MattFebruary 12th, 2017 at 7:53 PM
As a middle school teacher, I am often asked what do to when the I statement “doesn’t work” and leads to a physical altercation or laughing, name calling etc. I a get the same question regarding a persistent bully. Any advice you can give on would be much appreciated.
Leanne StrongAugust 8th, 2017 at 11:36 PM
Us adults often try to teach children about using “I” statements instead of “you” statements, but we often use “you” statements instead of “I” statements when talking to children. When talking to children, we should (if possible) forego statements like, “you are being………,” “you never……….,” and, “you always………,” in favor of statements like, “I feel/felt……..,” “I would really like it if………,” “I don’t like it when………,” or, “I try to show respect for your ideas and opinions, so I would like you to try to show respect for mine.” If you think about it, statements like, “you’re being…….,” “you always……..,” and, “you never……..,” are “you” statements, NOT “I” statements, and you might actually be inadvertently teaching children to put the blame on others, or call others nasty names. Statements like, “I feel/felt…….,” “I would really like it if………,” or, “I don’t like it when…….,” are “I” statements, NOT “you” statements, and you may even be teaching children (even if indirectly) to talk respectfully about what is going on, without putting it on the other person. I know that some adults might think using “I” statements instead of “you” statements with children feels like you are treating children as your equals, but you would actually be modelling the kind of language you want children to use.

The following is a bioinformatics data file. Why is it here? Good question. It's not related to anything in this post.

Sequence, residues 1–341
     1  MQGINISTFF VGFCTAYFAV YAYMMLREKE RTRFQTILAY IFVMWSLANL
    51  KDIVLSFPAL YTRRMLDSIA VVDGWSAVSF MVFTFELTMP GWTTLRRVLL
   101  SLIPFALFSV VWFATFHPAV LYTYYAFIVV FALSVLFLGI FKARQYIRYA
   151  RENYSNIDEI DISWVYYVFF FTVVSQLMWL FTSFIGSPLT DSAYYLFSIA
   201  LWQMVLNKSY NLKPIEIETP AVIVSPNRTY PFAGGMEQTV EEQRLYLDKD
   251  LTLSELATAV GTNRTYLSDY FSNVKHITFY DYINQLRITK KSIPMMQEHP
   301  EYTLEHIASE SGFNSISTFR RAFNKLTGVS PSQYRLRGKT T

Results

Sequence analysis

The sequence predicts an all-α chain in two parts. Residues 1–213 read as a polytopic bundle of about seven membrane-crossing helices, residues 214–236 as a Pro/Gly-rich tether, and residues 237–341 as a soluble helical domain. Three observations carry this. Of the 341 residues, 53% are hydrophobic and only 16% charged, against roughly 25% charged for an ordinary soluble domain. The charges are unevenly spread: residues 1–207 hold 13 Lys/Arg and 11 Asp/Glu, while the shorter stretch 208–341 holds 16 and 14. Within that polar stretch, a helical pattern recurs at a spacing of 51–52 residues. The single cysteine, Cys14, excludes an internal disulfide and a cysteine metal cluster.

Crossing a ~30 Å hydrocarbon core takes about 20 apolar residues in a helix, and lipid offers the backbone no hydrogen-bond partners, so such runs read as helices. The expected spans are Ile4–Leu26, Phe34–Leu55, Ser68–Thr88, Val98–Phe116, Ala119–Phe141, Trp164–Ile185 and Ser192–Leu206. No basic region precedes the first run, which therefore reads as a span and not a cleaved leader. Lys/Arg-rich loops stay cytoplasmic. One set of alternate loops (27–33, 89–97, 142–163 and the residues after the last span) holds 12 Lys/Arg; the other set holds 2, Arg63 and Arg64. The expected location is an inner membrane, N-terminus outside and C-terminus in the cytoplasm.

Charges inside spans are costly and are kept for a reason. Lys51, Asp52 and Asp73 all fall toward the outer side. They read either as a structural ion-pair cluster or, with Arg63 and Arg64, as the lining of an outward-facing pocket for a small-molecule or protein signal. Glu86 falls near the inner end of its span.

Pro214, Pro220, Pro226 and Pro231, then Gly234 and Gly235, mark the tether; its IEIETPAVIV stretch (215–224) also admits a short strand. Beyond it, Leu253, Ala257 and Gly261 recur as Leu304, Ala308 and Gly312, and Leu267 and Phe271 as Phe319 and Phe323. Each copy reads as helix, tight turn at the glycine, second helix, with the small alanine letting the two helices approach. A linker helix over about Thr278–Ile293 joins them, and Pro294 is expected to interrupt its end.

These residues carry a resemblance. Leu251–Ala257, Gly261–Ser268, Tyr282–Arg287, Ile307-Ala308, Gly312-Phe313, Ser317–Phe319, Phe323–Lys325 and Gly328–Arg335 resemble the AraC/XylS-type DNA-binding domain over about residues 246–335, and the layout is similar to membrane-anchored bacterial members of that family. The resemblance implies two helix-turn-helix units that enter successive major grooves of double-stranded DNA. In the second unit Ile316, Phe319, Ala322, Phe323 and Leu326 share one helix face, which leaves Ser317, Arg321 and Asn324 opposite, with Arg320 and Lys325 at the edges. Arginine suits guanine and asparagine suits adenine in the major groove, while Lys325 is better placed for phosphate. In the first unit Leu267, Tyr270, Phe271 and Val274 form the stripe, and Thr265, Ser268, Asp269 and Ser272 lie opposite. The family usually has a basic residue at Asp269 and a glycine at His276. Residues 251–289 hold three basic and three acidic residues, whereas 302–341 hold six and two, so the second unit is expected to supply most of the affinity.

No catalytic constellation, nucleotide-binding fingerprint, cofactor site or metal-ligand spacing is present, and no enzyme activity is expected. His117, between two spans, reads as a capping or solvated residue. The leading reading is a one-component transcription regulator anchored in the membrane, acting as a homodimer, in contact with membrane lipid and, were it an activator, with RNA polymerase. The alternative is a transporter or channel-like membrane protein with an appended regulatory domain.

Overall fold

Imagine you are helping a child with homework, and the child says something like, “you’re not being very helpful. How would that make you feel? What would you do or say? You would probably feel like no matter how hard you were trying to help the child, it just wasn’t enough. You may even feel a little bit defensive, because after all, you aren’t trying to be unhelpful. You are actually trying to be as helpful as possible. Now imagine you are trying to help a child with homework, and the child says something like, “I’m still having trouble understanding this.” How would you feel? What would you do or say?” You might be thinking something like, “is there anything I can do to help this child understand this better?” You might even try to explain the question differently from how it is worded on the paper. In the first situation, the child uses a “you” statement, and you may even feel like he or she is accusing you of not trying to help him or her. In the second situation, the child uses an “I” statement, and lets you know exactly what is going on.